Give up Hope. Before you meet your relatives this season, take a few moments to sit quietly and acknowledge what you wish they were like. Then prepare to accept them even if they behave as they have always done in the past.
Take a deep breath. If one of your family members is getting on your nerves, take a time out, count to ten and BREATHE. Go into another room and meditate or listen to music. Don’t feed into their behavior with an angry or immature response. Be the bigger person!
Tip 8 – Healthy Travel
Thanksgiving weekend is the biggest travel weekend of the year – and that means ample opportunity to pick up a cold or flu bug! Here are my tips for bolstering your immune system and preventing colds and flu.
- Vitamin C. Vitamin C helps to reduce the length of a cold. It also helps the immune system battle the infection. I love Innate Response’s food based vitamin C. Take 800mg a day to bolster your immunity. I also love Amla (amalaki) powder. It is the highest source of vitamin C in nature. Simply add the powder to a smoothie!
- Zinc. Research suggests that zinc can reduce the duration and severity of a cold. Dosage: 20mg a day to prevent infection.
- Cold and Flu Immunity Infoceutical. The Cold and Flu Immunity Infoceutical from NES Health Bioenergetics is my absolute favorite cold and flu remedy ever. The CFI Infoceutical accelerates the body’s natural recovery from cold and flu symptoms. It also provides relief from fatigue, promotes drainage, and retunes cellular function.
- Black Elderberry. This high antioxidant fruit extract, has one of the highest anti-viral properties in nature. It actually prevents viruses from spreading from cell to cell. In studies that looked at its efficacy against influenza strains A & B, Elderberry was found to shorten the duration of the flu from the typical 7 days to 4 days. That’s 3 days less of flu-like symptoms! Dosage: 3000mg a day.
- Selenium. Selenium inhibits viral replication. In fact, researchers at the University of North Carolina in Chapel Hill found that when influenza viruses pass through bodies deficient in selenium they can mutate into more damaging forms (5). Dosage: 100mcg a day.
Tip 9 – Embrace the Spirit of Giving
Embrace the Holiday Spirit by giving to others. Thanksgiving and Christmas are especially good times to reflect on good fortune and do things for other people. One of the most common types of charity work is to volunteer at a homeless shelter where you can help serve food or provide any other kind of help that is needed. There are also many other charitable organizations you can donate your time and resources to, such as The Salvation Army and Big Brothers Big Sisters.
Doing service can require very little time. Bake some Paleo pumpkin bread for your neighbor, help shovel snow from someone’s driveway or give someone a nice compliment or a smile. The holidays can be a lonely time for many, so what better way to brighten another’s holiday than inviting them to your family’s holiday dinner?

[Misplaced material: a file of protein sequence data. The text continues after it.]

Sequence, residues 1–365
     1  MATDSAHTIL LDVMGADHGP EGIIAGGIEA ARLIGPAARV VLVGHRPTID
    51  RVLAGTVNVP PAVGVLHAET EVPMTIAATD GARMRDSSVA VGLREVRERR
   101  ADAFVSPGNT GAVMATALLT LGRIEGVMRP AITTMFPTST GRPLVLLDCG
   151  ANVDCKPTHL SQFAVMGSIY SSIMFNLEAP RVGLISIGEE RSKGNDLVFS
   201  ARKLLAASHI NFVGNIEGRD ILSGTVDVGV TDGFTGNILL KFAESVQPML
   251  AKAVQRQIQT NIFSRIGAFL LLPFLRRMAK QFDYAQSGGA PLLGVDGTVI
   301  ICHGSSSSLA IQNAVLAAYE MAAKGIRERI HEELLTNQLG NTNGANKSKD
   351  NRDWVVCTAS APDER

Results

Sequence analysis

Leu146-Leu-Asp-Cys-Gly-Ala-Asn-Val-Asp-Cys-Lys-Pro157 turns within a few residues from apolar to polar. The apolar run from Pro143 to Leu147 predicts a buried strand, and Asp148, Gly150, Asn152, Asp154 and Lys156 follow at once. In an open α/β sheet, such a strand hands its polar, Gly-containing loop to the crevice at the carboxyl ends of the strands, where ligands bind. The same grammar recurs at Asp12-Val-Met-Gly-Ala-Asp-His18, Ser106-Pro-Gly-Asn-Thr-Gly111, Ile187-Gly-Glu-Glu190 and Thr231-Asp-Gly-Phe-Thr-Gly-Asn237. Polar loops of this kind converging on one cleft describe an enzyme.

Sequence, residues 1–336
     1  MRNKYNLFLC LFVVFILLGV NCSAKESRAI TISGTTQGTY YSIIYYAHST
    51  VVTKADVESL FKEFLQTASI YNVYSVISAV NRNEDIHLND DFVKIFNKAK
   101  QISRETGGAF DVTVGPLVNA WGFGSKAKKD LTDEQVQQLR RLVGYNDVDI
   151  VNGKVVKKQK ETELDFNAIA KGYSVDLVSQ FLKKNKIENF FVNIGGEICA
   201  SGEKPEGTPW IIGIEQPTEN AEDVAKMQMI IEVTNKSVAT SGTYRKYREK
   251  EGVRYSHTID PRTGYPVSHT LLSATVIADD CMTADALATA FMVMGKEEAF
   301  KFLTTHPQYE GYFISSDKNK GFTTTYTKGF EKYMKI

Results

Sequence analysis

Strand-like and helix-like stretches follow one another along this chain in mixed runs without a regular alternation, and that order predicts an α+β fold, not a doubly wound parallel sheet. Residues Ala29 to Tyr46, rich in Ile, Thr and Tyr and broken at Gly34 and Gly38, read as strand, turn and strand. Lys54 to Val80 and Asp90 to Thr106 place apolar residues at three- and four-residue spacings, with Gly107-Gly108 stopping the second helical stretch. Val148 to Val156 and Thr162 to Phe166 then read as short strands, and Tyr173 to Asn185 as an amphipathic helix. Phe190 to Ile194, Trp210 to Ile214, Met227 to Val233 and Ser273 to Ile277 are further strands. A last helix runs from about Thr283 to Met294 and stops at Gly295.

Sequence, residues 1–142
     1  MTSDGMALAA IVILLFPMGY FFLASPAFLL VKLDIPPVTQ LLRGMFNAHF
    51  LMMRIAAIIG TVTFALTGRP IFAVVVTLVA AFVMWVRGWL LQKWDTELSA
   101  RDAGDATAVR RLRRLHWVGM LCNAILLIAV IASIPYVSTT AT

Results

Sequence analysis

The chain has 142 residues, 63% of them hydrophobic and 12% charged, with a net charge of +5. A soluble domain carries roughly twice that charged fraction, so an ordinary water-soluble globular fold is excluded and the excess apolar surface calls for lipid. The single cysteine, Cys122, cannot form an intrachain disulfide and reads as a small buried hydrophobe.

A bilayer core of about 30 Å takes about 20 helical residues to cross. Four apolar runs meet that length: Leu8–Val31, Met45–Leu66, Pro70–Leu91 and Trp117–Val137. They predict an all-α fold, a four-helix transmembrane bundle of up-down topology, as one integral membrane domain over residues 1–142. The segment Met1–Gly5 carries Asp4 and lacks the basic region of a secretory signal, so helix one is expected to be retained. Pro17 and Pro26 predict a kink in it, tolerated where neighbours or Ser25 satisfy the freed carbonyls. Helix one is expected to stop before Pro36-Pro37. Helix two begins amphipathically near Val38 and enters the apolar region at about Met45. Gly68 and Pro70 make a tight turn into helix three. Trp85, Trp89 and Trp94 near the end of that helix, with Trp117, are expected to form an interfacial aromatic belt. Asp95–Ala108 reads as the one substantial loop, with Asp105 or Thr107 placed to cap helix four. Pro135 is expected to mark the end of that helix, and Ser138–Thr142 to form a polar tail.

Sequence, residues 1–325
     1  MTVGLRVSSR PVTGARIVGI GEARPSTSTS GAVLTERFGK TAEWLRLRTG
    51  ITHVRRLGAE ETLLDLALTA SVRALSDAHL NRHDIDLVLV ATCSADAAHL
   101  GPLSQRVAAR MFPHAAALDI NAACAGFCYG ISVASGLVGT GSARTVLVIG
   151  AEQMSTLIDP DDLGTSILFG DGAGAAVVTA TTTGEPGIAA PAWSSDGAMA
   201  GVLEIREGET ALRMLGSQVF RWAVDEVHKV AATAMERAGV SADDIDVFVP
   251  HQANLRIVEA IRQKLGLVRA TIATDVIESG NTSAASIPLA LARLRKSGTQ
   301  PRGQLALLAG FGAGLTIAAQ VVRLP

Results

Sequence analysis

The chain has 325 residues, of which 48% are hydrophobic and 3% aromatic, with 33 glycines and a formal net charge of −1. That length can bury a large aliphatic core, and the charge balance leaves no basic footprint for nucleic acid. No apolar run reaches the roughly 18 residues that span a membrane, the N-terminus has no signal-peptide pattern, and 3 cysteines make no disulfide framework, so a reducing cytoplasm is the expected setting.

Tip 10 – Attitude of Gratitude
The holiday season is about giving and being thankful for what you have. Studies show that it’s not how much you have, but how you feel about what you have that makes the difference. Be grateful for what you have a remind yourself of what you have in a daily gratitude journal. A five-minute a day gratitude journal can increase your long term well being by more than 10 percent (6). Gratitude has caused me to focus less on things that don’t matter, like making money, and more on the things that do, like my family and writing this blog that helps people like you.
Bonus! Tips on How to Stay Safe While Traveling
How did you feel on Black Friday and January 2nd last year? If all that bad food from holiday treats made you feel stuffed and fatigued, don’t let it happen again. Give yourself and your loved ones the gift of health.
Resolve to make this holiday season your healthiest yet, with more energy and vitality. With a few simple steps you can come through the next few weeks looking and feeling your best!
Click Here for References+
1. Yanovski JA, Yanovski SZ, Sovik K, et al. A Prospective Study Of Holiday Weight Gain. The New England Journal of Medicine. 2000, Mar 23; 342(12):861-7.
Retrieved from http://www.nejm.org/doi/pdf/10.1056/NEJM200003233421206.
2. Williamson DF, Kahn HS, Remington PL, et al. The 10 Year Incidence Of Overweight and Major Weight Gain in US Adults. Archives of Internal Medicine. 1990 Mar; 150(3):665-72.
Retrieved from http://www.ncbi.nlm.nih.gov/pubmed/2310286.
3. Dietary guidelines for Americans 2005. U.S. Department of Agriculture.
4. Szmitko PE, Verma S. Red Wine and Your Heart. American Heart Association. 2005; 111:e10-e11. Retrieved from http://circ.ahajournals.org/content/111/2/e10.full.
5. Beck MA, Nelson HK, Shi Q, et al. Selenium Deficiency Increases the Pathology of an Influenza Virus Infection. The FASEB Journal. 2001 June;15(8): 1481-3.
Retrieved from http://www.fasebj.org/content/15/8/1481.
6. Seligman, ME, TA Steen, and N. Park. “Result Filters.” National Center for Biotechnology Information. U.S. National Library of Medicine, July 2005.
Retrieved from http://www.ncbi.nlm.nih.gov/pubmed/16045394.